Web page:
Hospital staff racks up errors in infection transmission study

A study of 325 patient rooms found hospital staff frequently failed to take proper precautions to prevent the spread of infections.

The study, published in JAMA Internal Medicine, involved direct observation inside and outside patient rooms in clinical units from March to November 2016.

The observations took place in the medical and/or surgical units and intensive care units at an academic medical center and a Veterans Affairs hospital, as well as the emergency department of the university hospital.

Trained observers made field notes while hospital staff cared for patients in precautions for a pathogen transmitted through contact, such as Clostridium difficile and methicillin-resistant Staphylococcus aureus.

In the 325 room observations conducted at two sites, the researchers found 283 failures, including 102 violations (deviations from safe operating practices or procedures), 144 process or procedural mistakes (failures of intention) and 37 slips (failures of execution).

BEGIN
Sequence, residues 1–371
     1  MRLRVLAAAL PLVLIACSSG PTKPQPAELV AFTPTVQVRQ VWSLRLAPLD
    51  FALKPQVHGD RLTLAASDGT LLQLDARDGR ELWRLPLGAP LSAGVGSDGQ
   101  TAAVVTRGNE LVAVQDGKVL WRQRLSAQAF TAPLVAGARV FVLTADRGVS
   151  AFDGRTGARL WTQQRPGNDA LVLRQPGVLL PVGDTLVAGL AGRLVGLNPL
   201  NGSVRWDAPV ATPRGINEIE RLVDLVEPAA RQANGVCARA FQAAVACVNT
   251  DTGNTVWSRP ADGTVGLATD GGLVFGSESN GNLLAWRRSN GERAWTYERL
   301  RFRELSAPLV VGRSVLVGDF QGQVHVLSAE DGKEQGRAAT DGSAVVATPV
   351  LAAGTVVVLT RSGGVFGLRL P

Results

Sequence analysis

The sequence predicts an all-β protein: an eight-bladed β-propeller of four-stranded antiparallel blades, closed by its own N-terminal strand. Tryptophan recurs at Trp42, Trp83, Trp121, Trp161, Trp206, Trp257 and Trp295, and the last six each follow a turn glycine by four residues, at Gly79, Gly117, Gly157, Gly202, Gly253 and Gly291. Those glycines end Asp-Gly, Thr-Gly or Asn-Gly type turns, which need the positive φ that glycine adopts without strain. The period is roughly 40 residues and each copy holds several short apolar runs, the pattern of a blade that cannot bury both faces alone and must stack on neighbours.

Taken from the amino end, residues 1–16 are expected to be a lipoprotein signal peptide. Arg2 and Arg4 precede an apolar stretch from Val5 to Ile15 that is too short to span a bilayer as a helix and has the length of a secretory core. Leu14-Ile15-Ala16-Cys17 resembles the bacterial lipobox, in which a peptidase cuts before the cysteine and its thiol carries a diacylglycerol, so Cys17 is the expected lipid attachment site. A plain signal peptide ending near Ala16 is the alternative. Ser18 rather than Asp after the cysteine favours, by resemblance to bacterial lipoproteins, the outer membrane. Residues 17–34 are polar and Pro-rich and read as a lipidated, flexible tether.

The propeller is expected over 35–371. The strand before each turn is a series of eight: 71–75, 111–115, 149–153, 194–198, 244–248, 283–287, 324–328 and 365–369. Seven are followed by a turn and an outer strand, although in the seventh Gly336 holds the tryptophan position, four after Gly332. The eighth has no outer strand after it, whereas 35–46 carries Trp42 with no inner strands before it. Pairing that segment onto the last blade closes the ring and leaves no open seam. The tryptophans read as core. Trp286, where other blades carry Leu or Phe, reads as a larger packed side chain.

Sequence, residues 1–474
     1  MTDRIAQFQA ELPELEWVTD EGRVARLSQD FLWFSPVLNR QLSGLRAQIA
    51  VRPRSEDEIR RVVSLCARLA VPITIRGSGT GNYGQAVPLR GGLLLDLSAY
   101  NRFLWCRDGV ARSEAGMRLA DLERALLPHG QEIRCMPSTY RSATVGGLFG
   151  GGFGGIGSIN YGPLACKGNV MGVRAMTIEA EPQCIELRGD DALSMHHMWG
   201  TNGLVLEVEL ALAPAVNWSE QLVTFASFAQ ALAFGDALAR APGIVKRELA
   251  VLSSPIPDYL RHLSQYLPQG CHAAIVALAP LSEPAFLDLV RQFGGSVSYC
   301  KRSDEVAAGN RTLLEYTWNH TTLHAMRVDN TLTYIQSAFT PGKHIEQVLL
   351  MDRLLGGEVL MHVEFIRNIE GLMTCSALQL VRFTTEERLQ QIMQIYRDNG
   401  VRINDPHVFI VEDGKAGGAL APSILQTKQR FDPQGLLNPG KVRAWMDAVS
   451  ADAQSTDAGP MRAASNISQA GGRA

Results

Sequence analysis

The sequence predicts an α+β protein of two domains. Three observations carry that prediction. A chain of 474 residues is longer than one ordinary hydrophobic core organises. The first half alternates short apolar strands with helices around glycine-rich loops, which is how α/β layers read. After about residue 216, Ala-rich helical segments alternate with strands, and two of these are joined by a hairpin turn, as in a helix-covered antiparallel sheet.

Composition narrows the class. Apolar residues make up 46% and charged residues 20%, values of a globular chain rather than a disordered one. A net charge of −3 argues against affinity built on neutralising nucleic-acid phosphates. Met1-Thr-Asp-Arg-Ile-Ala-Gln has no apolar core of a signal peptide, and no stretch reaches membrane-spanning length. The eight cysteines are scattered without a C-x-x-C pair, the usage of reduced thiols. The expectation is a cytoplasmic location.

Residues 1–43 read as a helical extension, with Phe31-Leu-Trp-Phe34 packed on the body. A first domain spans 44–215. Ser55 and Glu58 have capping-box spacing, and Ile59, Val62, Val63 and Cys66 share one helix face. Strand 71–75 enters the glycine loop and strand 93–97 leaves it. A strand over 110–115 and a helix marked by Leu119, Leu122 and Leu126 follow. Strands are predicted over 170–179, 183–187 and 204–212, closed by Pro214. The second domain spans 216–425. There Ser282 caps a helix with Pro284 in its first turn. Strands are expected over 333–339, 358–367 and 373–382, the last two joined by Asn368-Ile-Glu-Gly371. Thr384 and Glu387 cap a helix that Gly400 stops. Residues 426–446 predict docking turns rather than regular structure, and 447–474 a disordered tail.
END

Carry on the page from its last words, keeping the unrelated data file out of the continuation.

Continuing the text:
Violations included staff going into rooms without some or all recommended personal protective equipment. The researchers found mistakes frequently occurred during personal protective equipment removal and encounters with challenging situations, including badge-enforced computer logins. Slips included staff touching their face or clean areas with contaminated gloves or gowns.

The failures have significant potential to result in self-contamination, and the circumstances around these failures in precaution practices varied across and within the different failure types, the researchers said.

"Active failures in personal protective equipment use and transmission-based precautions, potentially leading to self-contamination, were commonly observed," the researchers wrote. "The factors that contributed to these failures varied widely, suggesting the need for a range of strategies to reduce potential transmission risk during routine hospital care."

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